A Canberra pharmacist who oversaw supply of the wrong medication to a kidney transplant patient has had a finding of unprofessional conduct made against her, but has argued that the pharmacy she worked for had inadequate protocols to detect such errors.
Mandy Wang was the sole pharmacist on duty in the dispensary at the Chemist Warehouse in Phillip when the wife of "Customer A" came in to fill her husband's script.
Instead of the diuretic Lasix at a dosage of 250mg twice daily, Customer A's wife alleged she was supplied with the heart rate-slowing medication Digoxin and instructions to take the 250mcg dose twice daily.
Six days later, on May 20, 2012, Customer A began to vomit and have diarrhoea. His symptoms did not improve, so on May 25 his wife took him to the emergency department at the Canberra Hospital.
He was diagnosed with Digoxin toxicity and doctors administered him with the antidote. The amount of medication he had taken was four times the recommended dose for a patient with renal impairment, Customer A's wife alleged in her complaint to the Australian Health Practitioner Regulation Agency.
The drug had a "detrimental impact" on his kidney functioning and "brought forward the need to begin dialysis", she alleged.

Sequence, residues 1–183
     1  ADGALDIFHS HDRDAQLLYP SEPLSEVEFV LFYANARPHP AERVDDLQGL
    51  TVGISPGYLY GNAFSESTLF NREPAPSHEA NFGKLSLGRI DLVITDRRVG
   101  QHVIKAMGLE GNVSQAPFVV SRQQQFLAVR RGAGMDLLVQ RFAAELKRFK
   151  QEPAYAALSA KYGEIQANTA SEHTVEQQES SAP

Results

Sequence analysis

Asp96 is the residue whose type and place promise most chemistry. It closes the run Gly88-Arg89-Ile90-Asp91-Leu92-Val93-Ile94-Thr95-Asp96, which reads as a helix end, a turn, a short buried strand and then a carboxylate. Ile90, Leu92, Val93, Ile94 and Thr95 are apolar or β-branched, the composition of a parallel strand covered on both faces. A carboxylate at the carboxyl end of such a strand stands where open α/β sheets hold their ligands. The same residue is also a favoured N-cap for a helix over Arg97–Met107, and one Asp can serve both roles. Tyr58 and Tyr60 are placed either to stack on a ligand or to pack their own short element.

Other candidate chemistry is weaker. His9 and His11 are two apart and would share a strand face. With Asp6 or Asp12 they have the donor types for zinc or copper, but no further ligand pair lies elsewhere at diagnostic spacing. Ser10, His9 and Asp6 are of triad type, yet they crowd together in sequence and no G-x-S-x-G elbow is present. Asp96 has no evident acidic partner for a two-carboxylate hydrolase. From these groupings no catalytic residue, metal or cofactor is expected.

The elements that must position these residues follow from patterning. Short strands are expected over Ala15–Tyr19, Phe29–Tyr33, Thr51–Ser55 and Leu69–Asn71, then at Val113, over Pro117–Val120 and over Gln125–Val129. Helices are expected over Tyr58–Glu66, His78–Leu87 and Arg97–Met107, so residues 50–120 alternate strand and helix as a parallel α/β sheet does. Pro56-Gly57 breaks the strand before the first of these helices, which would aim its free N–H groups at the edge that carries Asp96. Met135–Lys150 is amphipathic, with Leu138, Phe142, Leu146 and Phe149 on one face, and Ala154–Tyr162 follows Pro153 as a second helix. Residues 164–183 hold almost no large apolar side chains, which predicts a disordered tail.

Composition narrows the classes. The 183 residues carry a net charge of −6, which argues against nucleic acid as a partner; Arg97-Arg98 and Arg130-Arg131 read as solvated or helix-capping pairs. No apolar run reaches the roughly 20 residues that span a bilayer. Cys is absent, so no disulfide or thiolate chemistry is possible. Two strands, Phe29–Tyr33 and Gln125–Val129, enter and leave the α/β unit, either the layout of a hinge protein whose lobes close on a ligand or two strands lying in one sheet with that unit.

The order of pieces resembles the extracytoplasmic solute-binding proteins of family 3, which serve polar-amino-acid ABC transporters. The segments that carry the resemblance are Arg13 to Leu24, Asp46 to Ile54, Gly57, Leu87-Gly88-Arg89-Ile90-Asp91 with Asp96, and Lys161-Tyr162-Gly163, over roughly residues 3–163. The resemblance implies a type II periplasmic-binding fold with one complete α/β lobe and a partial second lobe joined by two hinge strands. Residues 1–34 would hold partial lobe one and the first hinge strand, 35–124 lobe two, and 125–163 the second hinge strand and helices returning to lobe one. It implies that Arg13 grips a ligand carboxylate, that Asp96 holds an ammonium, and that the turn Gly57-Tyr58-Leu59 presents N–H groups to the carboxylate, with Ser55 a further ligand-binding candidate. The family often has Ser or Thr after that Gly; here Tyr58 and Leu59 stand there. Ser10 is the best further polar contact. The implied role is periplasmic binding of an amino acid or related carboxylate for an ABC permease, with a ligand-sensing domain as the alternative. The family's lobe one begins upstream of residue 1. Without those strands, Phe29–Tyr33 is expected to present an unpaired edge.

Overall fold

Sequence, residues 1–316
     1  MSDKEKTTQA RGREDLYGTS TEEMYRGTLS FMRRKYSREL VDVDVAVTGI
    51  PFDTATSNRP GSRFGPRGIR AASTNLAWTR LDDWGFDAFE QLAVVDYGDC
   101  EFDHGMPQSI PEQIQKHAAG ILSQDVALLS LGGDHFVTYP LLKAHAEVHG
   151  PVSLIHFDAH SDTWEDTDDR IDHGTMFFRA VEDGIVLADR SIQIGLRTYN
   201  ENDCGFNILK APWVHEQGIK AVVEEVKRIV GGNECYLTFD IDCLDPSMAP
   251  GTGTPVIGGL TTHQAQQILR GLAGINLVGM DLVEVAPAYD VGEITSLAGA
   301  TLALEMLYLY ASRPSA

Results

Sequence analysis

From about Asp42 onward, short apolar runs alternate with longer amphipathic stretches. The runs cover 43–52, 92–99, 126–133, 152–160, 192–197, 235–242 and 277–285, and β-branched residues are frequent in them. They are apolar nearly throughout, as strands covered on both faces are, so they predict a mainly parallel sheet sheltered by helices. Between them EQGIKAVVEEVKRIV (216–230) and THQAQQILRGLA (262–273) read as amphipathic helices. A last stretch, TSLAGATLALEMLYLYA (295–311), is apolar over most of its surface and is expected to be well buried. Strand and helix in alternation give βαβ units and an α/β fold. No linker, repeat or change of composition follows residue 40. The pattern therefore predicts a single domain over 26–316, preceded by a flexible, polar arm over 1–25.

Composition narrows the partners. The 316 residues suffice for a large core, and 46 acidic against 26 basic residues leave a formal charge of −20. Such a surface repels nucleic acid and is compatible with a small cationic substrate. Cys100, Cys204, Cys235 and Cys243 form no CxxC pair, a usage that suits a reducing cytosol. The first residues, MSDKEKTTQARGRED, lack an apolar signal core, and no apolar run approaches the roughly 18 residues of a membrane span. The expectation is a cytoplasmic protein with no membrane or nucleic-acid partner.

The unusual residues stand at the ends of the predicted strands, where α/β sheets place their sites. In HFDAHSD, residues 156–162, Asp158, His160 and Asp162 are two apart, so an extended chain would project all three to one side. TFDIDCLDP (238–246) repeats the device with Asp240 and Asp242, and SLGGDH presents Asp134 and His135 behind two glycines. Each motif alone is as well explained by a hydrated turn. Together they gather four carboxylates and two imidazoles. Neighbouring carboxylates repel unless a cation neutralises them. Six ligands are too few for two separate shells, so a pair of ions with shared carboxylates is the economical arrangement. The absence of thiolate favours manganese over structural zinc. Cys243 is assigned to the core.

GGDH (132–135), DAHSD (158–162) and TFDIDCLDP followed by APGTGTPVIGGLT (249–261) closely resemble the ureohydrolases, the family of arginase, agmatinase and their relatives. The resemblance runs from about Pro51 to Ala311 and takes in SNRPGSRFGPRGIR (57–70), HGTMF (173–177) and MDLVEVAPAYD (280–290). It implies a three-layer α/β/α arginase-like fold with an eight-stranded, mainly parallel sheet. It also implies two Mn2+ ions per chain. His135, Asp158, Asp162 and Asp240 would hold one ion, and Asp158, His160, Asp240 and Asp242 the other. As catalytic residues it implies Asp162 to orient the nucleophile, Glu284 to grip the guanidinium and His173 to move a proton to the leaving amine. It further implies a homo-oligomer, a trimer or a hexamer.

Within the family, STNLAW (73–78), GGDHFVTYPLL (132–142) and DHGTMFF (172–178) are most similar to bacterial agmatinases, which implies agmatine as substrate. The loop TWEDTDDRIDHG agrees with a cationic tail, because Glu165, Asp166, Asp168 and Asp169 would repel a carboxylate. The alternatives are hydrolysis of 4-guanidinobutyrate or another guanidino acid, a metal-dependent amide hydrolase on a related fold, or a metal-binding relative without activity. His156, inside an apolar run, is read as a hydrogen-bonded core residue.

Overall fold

As a result of taking the wrong medication, Customer A took two weeks away from work on sick leave. He returned to work part-time on June 4 and began dialysis on June 6.
In response to the allegations, Ms Wang, who had been registered as a pharmacist for about a month at the time, said she had been dispensing alone in a very busy environment.
She said she did not know what happened specifically with Customer A's prescription but believed that after the script was dispensed by dispensary assistant Shelby Clark, somebody handed the medication to Customer A's wife without it being checked by a pharmacist.
While the script was not placed in the "script checking area", Ms Wang said she recalls Shelby Clark telling her there was a script ready to be checked when she was free.
Ms Wang said she regretted the error and apologised to Customer A's wife and sent flowers to their home. She also believed the pharmacy had inadequate protocols to detect dispensing errors and said the dispensary at the pharmacy was at times "chaotic".
Ms Wang and the Pharmacy Board of Australia agreed that Ms Wang's behaviour amounted to unprofessional conduct.
She was formally reprimanded and a condition to undertake and pay for an Ethics and Dispensing Pharmacy Practice course was imposed on her registration as a pharmacist.
The ACT Civil and Administrative Tribunal made orders giving effect to the agreement between Ms Wang and the Pharmacy Board.
The tribunal noted Ms Wang's remorse and that the risk of her "repeating the conduct is very small".
As a result of the wrong medicine being dispensed, the pharmacy introduced new procedures that required the pharmacist to print their initials on all medications before they were handed to a customer and that all staff place completed scripts in one designated script checking area.